Known in the Greek mythology as one of the three graces, daughters of Zeus, Aglaia was the goddess of beauty, splendor and glory.
This pattern comes from Edward Fitzgibbon’s “The book of the Salmon” from 1850 which was published under pseudonym Ephemera. The book features many fly patterns and as the last patterns the three graces Aglaia, Thalia and Euphrosyne. Aglaia is tied on a bit shorter hook than the other two and is noted as being a famous summer evenings fly.
I followed the pattern pretty closely although the body hackle is pretty regular in length as opposed to short mentioned in the original pattern. I also omitted the herl head as I’m planning on fishing this fly and I’m not a big fan of herl heads on fishing flies. I’ll list the pattern as in the books for reference.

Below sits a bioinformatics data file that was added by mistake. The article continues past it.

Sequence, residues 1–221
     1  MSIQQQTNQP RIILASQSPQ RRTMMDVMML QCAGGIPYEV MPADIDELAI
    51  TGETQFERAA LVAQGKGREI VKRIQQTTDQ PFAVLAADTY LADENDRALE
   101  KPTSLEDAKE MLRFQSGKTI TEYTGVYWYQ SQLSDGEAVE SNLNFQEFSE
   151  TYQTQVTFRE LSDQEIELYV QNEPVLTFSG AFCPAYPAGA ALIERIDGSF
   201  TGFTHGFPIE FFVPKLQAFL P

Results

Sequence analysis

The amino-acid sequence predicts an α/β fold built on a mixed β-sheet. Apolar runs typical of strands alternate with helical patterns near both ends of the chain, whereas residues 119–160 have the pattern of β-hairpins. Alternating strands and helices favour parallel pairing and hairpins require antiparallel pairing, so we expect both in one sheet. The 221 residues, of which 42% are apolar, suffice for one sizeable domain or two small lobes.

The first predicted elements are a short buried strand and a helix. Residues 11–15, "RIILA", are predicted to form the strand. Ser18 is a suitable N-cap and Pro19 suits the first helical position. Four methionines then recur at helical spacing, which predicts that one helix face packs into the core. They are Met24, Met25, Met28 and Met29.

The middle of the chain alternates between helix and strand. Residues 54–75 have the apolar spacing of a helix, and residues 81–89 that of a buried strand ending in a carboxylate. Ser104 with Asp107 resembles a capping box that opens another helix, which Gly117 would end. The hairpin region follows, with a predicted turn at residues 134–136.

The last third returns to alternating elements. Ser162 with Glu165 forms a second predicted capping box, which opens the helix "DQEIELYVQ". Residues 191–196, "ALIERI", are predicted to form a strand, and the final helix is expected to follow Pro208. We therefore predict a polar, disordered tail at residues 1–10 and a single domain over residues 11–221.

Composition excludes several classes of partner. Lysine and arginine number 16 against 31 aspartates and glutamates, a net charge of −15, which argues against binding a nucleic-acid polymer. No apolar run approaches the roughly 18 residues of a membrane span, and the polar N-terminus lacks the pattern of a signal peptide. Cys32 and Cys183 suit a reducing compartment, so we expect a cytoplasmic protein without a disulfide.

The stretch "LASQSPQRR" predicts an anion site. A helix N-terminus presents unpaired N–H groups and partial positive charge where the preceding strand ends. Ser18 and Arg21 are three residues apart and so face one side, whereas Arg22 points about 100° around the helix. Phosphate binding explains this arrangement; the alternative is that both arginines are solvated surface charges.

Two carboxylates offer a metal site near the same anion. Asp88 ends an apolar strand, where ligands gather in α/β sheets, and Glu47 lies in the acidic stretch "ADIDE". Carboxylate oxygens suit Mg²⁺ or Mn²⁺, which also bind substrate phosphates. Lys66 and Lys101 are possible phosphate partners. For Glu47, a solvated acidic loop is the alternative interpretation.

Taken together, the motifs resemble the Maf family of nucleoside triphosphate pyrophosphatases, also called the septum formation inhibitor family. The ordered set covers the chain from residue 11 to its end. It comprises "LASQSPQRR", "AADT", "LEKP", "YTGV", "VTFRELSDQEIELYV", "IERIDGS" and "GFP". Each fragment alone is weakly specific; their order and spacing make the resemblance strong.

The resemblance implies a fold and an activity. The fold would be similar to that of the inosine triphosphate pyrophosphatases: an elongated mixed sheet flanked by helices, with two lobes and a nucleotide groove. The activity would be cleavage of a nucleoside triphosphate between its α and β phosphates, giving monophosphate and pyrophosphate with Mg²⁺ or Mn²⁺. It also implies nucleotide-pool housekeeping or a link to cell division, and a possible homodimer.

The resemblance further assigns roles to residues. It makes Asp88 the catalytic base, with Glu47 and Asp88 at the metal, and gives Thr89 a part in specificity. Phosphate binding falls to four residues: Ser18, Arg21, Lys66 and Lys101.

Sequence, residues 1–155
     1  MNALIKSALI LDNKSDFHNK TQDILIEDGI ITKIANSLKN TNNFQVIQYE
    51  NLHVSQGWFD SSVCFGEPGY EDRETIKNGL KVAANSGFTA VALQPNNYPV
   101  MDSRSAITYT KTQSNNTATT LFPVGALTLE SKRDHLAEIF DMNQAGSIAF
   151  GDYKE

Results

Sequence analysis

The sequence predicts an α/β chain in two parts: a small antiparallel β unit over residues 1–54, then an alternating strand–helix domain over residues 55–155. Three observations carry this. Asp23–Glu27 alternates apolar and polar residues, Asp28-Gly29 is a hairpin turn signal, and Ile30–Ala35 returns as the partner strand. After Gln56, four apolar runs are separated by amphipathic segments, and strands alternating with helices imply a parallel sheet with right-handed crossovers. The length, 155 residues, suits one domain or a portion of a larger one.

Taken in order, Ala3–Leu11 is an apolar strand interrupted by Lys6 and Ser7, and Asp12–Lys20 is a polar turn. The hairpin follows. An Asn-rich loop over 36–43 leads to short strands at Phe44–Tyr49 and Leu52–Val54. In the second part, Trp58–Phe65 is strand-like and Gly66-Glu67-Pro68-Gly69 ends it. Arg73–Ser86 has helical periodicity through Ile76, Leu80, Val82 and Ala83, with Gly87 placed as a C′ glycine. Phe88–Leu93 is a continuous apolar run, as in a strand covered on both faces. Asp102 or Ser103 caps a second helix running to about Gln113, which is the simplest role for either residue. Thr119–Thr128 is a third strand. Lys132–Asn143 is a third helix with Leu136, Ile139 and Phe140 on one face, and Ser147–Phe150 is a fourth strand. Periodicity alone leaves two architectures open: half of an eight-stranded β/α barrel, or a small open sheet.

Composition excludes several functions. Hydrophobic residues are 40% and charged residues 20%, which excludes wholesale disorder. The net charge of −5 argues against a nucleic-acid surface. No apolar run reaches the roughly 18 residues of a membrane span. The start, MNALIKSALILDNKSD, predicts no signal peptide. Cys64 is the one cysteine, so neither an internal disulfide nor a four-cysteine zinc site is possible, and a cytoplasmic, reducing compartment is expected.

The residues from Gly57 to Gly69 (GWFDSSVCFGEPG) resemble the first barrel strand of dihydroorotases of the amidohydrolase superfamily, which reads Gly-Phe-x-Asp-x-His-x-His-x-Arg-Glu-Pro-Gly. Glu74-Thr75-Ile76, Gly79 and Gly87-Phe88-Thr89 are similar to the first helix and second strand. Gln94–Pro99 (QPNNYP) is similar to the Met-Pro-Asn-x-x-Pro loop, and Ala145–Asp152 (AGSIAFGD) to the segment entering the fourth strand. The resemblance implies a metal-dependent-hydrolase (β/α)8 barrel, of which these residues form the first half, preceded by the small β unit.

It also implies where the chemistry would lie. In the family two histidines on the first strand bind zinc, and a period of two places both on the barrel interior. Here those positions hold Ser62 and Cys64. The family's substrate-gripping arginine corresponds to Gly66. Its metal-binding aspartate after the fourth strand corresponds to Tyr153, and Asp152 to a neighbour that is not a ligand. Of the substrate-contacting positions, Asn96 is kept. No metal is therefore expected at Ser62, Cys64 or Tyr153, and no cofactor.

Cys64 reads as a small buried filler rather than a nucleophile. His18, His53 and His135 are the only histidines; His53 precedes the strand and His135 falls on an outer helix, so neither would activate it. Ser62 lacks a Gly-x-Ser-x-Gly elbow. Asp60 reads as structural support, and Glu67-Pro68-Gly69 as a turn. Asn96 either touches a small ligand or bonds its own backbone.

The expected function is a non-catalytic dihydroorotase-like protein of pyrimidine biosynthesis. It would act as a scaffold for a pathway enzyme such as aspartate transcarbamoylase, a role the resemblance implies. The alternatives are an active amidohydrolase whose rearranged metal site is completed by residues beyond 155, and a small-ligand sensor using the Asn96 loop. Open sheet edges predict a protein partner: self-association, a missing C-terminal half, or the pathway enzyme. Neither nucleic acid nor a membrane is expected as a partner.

Aglaia. — Body, all of silver tinsel, ribbed
with gold twist; black ostrich tag, tipped with gold ; tail, a small topping and a few fibres of the
wood-duck’s feather ; black hackle, thin and short
over body, teal hackle at the shoulder. Wings,
two toppings, bustard, cream-coloured turkey and
wood-duck feathers, and black ostrich head.
Hook, No. 7. A famous summer’s evening fly.